The message from the budget last month was clear – at some point in the future the Chancellor is going to raise taxes. A lot. The announced increase in corporation tax rate from 19 per cent to 25 per cent from 2023 is a sign of things to come.
And yet the overall tax take has already increased substantially since the Thatcher lows of the late 1980s. The amount of tax the government raises is already equivalent to 35 per cent of GDP, the highest level since 1969. And prior that that, as the chart above shows, you have to go back to 1948/9 for years when the tax take was this high.
And so it is probably no surprise that some of the UK’s richest are looking to shield their wealth from the Chancellor and move to places where they do not need to bother with paying back the costs of protecting society from the ravages of the pandemic. In February alone, the Isle of Man experienced a tenfold increase in the number of people looking to move to the small Island half way between Belfast and the Lake District.
And lucky them as residents pay no capital gains tax, no inheritance tax and no stamp duty and pay far lower rates of income tax with a maximum of just 20 per cent, less than half the UK’s maximum rate of 45 per cent. Although with the exception of the annual TT motorcycle race, it looks a very boring place to live.
But this is not just an option used by a handful of wealthy individuals who can afford the 20-minute helicopter ride back to the UK for a bit of entertainment. This is a far, far bigger problem.
According to a 2019 report from the IMF, tax havens cost governments around the world between $500-600 billion of lost tax revenue each year. And the amount stashed away in these tax havens is truly enormous. Estimates range from a conservative $9 trillion to an astonishing $36 trillion, a number so vast most can’t get their heads around it. But, for comparison, the size of the global economy is about $85 trillion. Of course the estimates vary so wildly because of financial secrecy.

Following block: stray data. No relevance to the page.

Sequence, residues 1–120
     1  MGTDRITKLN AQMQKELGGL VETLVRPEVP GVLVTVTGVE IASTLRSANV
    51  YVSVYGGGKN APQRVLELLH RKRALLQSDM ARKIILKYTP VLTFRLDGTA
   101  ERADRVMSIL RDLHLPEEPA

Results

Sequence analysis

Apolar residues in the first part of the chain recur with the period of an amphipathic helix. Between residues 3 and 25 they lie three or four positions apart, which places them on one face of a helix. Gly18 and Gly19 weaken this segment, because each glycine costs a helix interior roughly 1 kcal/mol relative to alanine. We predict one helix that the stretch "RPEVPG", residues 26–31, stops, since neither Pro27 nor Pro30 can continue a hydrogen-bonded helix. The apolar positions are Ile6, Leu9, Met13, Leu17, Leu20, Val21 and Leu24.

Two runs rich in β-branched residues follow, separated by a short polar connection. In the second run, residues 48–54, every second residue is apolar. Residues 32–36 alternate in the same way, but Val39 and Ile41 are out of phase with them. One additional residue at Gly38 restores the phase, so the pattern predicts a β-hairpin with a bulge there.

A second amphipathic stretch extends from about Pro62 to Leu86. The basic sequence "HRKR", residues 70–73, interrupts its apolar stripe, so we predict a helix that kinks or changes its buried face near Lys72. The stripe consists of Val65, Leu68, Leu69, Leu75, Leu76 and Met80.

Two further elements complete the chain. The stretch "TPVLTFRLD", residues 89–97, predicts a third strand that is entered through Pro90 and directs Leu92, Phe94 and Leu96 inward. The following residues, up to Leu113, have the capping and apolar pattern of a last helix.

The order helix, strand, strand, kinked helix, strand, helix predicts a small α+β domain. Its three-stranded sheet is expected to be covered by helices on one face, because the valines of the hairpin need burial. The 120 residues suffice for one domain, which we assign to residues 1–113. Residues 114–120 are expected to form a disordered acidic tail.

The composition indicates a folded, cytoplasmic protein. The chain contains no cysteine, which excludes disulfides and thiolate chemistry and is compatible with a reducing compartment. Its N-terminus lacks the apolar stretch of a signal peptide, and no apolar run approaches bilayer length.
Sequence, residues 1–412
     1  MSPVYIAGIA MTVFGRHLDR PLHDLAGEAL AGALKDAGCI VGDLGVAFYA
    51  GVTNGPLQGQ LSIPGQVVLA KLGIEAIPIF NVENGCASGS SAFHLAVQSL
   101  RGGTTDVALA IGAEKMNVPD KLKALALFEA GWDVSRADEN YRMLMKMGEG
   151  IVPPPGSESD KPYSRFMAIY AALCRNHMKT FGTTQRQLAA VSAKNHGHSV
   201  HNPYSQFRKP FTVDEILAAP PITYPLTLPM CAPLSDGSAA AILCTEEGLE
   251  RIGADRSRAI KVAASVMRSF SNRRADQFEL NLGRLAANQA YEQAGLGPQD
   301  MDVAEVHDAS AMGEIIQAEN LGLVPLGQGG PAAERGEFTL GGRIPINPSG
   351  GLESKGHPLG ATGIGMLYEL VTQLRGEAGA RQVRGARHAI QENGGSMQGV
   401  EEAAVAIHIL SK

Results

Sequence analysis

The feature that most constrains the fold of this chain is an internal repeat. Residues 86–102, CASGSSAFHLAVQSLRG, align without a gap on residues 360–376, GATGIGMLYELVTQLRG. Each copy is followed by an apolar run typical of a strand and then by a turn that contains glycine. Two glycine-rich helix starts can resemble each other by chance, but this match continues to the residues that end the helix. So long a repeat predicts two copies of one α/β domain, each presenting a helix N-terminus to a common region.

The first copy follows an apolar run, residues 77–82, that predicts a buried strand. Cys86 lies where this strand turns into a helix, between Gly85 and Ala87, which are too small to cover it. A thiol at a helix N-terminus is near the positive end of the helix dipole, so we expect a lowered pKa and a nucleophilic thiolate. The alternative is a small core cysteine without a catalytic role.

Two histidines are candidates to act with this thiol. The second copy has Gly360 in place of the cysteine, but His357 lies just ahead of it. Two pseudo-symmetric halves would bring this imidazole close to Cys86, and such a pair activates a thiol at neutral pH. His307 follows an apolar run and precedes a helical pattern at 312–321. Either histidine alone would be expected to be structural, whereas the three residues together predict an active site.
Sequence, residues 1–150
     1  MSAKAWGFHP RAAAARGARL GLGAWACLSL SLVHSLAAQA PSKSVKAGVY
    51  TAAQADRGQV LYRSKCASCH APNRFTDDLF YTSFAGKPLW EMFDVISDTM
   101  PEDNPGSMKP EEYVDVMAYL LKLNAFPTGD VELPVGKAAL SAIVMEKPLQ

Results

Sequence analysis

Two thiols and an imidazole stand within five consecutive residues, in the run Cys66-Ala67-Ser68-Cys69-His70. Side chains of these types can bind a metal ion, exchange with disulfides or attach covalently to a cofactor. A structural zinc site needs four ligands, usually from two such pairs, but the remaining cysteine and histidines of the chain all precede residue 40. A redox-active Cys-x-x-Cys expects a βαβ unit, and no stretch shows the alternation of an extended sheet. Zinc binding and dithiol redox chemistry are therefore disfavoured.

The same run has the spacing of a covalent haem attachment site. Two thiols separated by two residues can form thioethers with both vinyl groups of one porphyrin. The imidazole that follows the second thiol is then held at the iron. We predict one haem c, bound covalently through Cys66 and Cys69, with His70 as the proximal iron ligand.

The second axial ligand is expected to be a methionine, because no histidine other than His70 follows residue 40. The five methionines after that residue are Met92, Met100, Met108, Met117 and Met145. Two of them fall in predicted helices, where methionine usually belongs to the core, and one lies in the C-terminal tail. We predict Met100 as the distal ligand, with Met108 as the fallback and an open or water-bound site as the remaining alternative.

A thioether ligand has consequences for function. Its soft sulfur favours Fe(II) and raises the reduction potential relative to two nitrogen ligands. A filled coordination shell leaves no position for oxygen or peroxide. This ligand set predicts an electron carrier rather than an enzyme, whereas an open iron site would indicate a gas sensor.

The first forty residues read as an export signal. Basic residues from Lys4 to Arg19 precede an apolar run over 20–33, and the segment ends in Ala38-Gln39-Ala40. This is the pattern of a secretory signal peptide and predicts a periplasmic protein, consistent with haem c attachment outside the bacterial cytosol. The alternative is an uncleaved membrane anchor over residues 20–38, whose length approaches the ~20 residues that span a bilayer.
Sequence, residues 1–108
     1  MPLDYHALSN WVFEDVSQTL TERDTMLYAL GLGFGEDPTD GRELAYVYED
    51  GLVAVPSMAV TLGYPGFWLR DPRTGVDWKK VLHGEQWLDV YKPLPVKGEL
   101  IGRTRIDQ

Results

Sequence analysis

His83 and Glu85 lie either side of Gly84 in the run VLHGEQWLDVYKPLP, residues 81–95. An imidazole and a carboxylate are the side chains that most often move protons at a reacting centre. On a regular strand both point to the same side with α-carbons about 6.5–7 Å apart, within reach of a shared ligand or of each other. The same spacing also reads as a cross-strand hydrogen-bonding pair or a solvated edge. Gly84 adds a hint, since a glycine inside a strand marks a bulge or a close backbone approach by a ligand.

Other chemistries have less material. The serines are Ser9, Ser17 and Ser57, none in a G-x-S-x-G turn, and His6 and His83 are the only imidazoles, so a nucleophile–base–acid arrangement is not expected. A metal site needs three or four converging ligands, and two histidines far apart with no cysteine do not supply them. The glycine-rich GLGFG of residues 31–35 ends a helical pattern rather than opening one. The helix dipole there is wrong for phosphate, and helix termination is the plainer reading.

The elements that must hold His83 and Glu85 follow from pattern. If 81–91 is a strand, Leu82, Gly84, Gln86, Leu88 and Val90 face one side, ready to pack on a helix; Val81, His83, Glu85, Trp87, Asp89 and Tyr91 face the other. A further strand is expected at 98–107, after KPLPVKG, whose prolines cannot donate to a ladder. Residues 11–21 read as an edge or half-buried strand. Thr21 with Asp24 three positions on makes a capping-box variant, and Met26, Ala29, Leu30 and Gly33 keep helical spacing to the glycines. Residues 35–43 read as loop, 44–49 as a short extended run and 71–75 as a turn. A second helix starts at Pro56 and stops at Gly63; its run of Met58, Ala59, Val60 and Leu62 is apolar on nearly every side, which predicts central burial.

British Overseas Territories are at the heart of this tainted global system. According to the latest Tax Justice Network’s annual Corporate Tax Haven Index, the British Virgin Islands, Bermuda and the Cayman Islands rank as the top three jurisdictions most complicit in helping multinational corporations underpay corporate income tax.
However, those ultra rich thinking of stashing cash away from the Chancellor might do well to pause.
Firstly thanks to exposés like the Panama Papers, financial secrecy is no longer assured and if rich and famous enough, individuals may find themselves globally named and shamed.
Secondly the rest of society just isn’t that happy anymore with Leona Helmsley’s view that ‘only the little people pay taxes’. There have been two catastrophic once-in-a-generation global economic crises in just over a decade: the Global Financial Crisis and now the pandemic. They have caused much financial pain to many and will continue to do so. There is a justifiable backlash when well known figures or companies indulge in legal tax avoidance schemes and an incentive for governments to lockdown on loopholes.
These crises have been expensive; governments have built up mountains of debt. The Global Financial Crisis already caused politicians to look far more closely at tax havens and crack down on their activities. The financial crisis from the pandemic is only going to increase the pressure to intervene.
What has always held back true tax reform is global co-operation. The pandemic has put all governments in a similar financial mess, desperately seeking politically easy ways to raise revenue. Just a few days ago, US Treasury secretary Janet Yellen spoke with the French Finance Ministers Bruno Le Maire about working together on global tax co-operation with the OECD.
And the most recent news from the British Virgin Islands is not helping their case. Accusations of political corruption with £40 million of Covid-19 relief siphoned off are being investigated by a commission of inquiry backed by the UK government.
The breathtaking cost of the pandemic has prompted debt levels that rival those of the two great wars. Bear in mind that it took over 30 years to bring overall UK government debt down to more sustainable levels following WWII. A lot can change in 30 years.
Tax havens will undoubtedly be the first port of call for governments looking for palatable ways of shoring up tax revenue in the wake of the pandemic. And those making use of them will be doing so in a political and societal climate that is increasingly hostile to such behaviour.
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